Please introduce yourself.
My name is Whitney Modesta Collazo, I’m a home grown North Carolina Native with roots from Mexico. I’m an artist, makeup artist, screen writer, contributing writer to Gruesome Magazine as well as a co-host for Gruesome’s Decades of Horror: Classic Era podcast.
What is it that attracts you the horror genre for your chosen field of creative work?
I was sort of raised on it.
When you have both parents who love Tales from the Crypt, an uncle who loves 80’s horror, and a brother who loves Godzilla, you’ll either love or hate horror.
Guess who’s a Horror Nerd, now!
Who inspires you in your work and in life?
My family and loved ones.
Our connection to horror is deeper than just watching what we enjoy on screen…
I come from a family of survivors, and we’ve been through a lot together and in our own ways, we have faced many of our own horrors.
So I’ll always be inspired by the strength of those I hold so dear. A filmmaker who I adore who can depict layers of horror, layers of trauma and layers of love will always be Guillermo del Toro. I’m also proud of the fact that he and part of my family hail from Jalisco, Mexico.
Women in horror have made great strides, but it’s clear that a lot of work is still needed to make it a most inclusive genre. To you, what is the importance of a movement like Women in Horror Month?
Hearing the voices behind the storytelling. Knowing that the artist can be just as powerful as their art, it’s a beautiful thing to see women honing their voices and channeling more of it within their art. I want to see more of that because it’s incredibly important.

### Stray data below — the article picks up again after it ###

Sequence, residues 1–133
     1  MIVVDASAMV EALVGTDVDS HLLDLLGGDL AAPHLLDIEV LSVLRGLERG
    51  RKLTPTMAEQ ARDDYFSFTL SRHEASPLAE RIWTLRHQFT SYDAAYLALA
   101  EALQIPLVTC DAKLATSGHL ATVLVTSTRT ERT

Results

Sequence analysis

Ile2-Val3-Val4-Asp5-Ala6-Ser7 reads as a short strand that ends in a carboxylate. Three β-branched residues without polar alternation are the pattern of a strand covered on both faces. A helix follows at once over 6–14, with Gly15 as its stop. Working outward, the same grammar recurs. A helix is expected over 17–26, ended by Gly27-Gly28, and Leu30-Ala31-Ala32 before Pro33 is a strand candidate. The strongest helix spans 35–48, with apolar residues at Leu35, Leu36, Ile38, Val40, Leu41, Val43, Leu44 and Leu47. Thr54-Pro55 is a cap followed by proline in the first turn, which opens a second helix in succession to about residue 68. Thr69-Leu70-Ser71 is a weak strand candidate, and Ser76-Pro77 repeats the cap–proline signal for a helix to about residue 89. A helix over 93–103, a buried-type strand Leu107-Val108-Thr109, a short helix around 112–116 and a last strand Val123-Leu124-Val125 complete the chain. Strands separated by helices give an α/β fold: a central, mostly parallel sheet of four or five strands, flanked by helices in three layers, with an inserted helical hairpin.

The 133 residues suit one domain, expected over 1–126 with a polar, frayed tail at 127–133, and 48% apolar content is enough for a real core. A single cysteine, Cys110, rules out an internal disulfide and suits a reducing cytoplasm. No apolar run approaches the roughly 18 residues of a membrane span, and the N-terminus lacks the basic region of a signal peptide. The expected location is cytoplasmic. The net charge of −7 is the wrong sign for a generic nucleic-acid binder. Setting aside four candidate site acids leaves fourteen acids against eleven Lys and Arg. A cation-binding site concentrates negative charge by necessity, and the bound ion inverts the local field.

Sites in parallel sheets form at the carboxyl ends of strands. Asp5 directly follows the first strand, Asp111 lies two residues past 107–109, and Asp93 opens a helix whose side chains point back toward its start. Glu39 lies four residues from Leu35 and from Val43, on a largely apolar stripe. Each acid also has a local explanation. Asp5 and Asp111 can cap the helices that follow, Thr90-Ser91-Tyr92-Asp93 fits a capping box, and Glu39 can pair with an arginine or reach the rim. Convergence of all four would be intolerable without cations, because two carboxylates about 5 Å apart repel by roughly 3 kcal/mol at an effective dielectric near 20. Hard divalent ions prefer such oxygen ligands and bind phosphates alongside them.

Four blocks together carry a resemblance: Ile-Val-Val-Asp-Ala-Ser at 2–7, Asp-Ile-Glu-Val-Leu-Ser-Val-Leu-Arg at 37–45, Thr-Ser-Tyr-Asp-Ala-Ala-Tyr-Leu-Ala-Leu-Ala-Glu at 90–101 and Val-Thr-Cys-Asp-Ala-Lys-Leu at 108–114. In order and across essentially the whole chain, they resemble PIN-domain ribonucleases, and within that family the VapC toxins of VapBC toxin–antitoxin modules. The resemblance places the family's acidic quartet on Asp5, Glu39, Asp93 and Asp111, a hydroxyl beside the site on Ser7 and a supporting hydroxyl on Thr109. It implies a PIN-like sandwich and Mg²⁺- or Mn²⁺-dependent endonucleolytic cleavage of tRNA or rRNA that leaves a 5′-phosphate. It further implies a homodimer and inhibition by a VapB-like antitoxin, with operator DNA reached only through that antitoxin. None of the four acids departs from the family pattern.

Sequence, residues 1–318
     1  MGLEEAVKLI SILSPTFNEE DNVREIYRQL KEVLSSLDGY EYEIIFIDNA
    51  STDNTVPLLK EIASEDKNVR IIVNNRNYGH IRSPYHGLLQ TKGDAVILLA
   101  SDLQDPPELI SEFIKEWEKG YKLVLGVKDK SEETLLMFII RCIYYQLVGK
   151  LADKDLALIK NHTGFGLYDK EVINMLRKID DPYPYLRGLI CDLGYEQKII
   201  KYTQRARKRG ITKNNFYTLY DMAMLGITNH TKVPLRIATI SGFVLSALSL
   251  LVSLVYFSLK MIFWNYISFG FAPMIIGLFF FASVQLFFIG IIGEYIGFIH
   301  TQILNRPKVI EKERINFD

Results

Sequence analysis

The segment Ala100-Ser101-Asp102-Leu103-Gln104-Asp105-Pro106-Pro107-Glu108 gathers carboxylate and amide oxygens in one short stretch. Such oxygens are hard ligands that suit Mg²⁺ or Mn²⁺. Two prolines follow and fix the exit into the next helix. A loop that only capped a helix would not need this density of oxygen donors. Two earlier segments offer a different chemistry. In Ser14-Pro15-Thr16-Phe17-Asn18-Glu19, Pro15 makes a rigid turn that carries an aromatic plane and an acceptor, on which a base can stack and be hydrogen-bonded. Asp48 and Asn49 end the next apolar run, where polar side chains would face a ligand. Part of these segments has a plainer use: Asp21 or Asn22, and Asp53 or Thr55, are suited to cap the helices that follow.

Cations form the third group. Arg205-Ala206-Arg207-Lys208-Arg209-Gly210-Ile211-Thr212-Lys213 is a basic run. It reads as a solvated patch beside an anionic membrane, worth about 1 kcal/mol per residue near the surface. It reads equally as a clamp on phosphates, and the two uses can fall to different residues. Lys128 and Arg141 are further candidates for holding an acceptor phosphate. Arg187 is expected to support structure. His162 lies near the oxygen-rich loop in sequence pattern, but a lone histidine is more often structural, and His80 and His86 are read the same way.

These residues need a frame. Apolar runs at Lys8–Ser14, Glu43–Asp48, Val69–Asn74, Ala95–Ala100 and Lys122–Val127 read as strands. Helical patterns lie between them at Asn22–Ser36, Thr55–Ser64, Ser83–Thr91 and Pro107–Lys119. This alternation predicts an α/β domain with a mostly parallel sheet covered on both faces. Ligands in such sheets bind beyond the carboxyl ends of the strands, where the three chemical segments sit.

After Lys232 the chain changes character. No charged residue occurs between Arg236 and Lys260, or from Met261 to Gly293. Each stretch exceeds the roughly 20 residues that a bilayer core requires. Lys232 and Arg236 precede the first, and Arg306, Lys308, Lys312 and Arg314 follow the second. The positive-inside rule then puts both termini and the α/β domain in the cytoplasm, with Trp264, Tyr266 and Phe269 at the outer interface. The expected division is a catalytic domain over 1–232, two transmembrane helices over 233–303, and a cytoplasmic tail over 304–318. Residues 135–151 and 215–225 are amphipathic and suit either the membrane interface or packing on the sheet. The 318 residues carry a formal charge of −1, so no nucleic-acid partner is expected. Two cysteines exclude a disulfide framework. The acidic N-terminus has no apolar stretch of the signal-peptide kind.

What would you tell an up-and-coming creative in the world of horror who sees that being a woman/identifying as a woman as something that makes it so much more difficult at times?
As someone who has had a rough road of finding my voice, I encourage every señorita to find their voice, and to never stop using it. Within your art and and outside of it, it’s always important to speak up for yourself and for others.
What are your favorite bits of helpful advice that you have received about your work or your field?
Don’t limit yourself and don’t be afraid to try new things as an artist. Take every opportunity that you possibly can.
In honor of celebrating Women in Horror Month, who do you believe viewers should keep an eye on in terms of the creative ladies ?
I say keep an eye out for actor and podcaster, Aileen Clark, of podcast host of Uy Que Horror!
I found her podcast through Instagram and became an instant fan. They even did a review of my Gruss Vom Krampus short around the Holiday season of 2020.
Hearing perspectives in horror by not only one but two latinx hosts, Aileen Clark and her cohost Johnny Eliot in Uy Que Horror provide an earful of creepy cinema info, passion and pride.
If you want to hear about Latinx Horror by Latinx creatives, I strongly suggest listening to Aileen at Uy Que Horror! Do it, ándale, you won’t be sorry!
What else can I say other than representation really matters.
What do you have coming soon that you can talk to us about?
Speaking of podcasts, if you’re into classic Horror, tune in to Decades of Horror: Classic Era podcast via Gruesome Magazine, you can hear me there with my co-ghosts!
As a screen writer, I can’t disclose much info on the projects. However, I can say that I’m currently doing revisions on Latinx Sci-fi, Thriller and Horror related stories.
Keeping to Latinx Horror, I now have a YouTube Channel Whitscraftngore, where I’m La Hechicera del Horror. There I will be demonstrating makeup and art as I talk about Latin/Hispanic and world Folklore.
I am also teaching art classes via zoom as well. Through those classes, I’ve approached the lessons based on what the student likes and so far my classes have had horror and metal music inspired subjects.
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